# Use bidirectional typechecking for types and type patterns

This ticket proposes to fix two separate issues.

See also !10725 (merged), #22478 (closed), #18986 (closed)

### Higher rank kinds

The interaction of type patterns and higher-rank kinds is tricky. Consider

```
-- Example 1
data T where
MkT :: forall (f :: forall k. k->Type). f Int -> f Bool -> T
g (MkT @f x y) = ...
```

Here I'd expect the existential `f`

to be brought into scope with kind `f :: forall k. k -> Type`

.

```
-- Example 2
type S :: (forall k. k -> Type) -> Type
h (Just @(S f) x) = ...
```

Here again we know `f :: forall k. k -> Type`

.

It's all very similar to `tcPat`

. We arrange to "push the expected type inwards".

We should do exactly this for types as well. That would remove the special cases
described in `Note [Type patterns: binders and unifiers]`

in !10725 (merged).

###
`tc_hs_type`

functions

Two In GHC.Tc.Gen.HsType there are two functions

- Infer kind:
`tc_infer_hs_type :: TcTyMode -> HsType GhcRn -> TcM (TcType, TcKind)`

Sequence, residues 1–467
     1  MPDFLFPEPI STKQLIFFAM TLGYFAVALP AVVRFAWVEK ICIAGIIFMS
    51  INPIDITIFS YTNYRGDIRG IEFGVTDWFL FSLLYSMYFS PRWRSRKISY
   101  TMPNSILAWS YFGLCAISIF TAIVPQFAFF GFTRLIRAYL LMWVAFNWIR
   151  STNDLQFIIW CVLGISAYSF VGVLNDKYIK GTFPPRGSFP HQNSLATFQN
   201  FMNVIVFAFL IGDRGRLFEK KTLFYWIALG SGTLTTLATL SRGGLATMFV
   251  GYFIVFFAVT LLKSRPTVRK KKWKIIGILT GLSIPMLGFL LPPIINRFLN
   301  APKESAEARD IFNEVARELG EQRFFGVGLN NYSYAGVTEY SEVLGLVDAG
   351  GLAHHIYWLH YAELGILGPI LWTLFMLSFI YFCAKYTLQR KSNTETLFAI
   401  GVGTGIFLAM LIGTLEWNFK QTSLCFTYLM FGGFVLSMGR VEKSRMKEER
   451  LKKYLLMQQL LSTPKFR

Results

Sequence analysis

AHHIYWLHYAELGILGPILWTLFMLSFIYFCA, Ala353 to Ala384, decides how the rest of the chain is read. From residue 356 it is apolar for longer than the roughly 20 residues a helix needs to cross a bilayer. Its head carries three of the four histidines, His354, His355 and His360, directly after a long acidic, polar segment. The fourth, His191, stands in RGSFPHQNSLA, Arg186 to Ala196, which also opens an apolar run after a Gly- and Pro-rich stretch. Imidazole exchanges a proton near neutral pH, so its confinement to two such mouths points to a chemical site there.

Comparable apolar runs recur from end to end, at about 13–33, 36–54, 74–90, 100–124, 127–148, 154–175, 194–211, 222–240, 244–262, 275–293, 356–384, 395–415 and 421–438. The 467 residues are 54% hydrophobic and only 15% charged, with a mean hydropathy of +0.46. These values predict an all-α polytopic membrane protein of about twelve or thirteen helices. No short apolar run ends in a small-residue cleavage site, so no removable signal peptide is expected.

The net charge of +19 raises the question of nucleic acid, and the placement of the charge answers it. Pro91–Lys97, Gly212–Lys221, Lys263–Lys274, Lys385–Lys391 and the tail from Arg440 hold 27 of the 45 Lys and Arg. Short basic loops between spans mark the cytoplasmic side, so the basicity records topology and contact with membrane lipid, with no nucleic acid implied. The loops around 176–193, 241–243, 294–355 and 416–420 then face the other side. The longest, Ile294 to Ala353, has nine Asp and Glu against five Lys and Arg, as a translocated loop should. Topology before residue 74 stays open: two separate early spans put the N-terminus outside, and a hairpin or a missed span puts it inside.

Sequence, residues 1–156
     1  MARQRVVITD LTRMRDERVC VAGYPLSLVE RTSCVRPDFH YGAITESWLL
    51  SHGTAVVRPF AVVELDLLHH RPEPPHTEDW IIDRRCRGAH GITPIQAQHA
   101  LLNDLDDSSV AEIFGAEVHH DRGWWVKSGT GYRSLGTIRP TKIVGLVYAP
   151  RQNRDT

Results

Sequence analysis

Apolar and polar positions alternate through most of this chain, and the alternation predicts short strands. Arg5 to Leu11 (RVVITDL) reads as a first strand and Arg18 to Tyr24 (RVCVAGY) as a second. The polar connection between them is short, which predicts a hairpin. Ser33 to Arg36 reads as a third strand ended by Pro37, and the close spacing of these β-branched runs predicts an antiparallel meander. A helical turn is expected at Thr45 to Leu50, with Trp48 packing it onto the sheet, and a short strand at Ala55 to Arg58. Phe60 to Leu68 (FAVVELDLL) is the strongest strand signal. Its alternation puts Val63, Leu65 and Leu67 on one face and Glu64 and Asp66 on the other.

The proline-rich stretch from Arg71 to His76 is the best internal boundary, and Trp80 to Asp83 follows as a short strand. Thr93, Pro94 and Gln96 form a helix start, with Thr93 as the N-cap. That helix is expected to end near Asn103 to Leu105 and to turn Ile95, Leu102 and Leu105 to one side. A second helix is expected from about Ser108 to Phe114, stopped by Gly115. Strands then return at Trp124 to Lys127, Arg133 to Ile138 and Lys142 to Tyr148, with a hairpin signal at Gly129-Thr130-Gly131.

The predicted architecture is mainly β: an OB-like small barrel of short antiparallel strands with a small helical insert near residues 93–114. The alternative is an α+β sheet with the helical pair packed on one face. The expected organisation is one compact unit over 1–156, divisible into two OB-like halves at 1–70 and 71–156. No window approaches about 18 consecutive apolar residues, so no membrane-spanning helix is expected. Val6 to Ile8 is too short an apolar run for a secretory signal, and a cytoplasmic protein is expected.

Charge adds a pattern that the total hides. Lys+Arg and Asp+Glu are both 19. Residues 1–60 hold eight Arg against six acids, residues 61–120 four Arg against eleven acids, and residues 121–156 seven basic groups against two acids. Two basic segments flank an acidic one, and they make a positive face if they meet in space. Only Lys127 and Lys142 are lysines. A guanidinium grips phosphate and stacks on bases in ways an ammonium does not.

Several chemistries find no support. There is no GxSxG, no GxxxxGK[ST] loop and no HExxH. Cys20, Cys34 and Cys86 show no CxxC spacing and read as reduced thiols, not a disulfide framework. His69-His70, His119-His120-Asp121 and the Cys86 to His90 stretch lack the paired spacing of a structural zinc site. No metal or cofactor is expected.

- Check kind:
`tc_hs_type :: TcTyMode -> HsType GhcRn -> TcKind -> TcM TcType`

In a way that I don't quite understand, the data constructors of `HsType`

are split
between then, each taking some, and defering to the other for the other constructors.

This is hard to grok. And it's totally different to the way that expresions and patterns
are handled; they have a single function, with an `ExpType`

argument to distinguish inference
and checking

### Plan

I propose that we treat types the same way as we do patterns and expressions: one function does
both inference and checking, using an `ExpType`

argument to tell which.

For `Pat`

and `HsExpr`

we need a function for `Pat`

and a function for `Expr`

. For types, type patterns
are still just `HsType`

, so it is even possible we could use just one function for both type patterns and type expressions.
But that's the cherry on the cake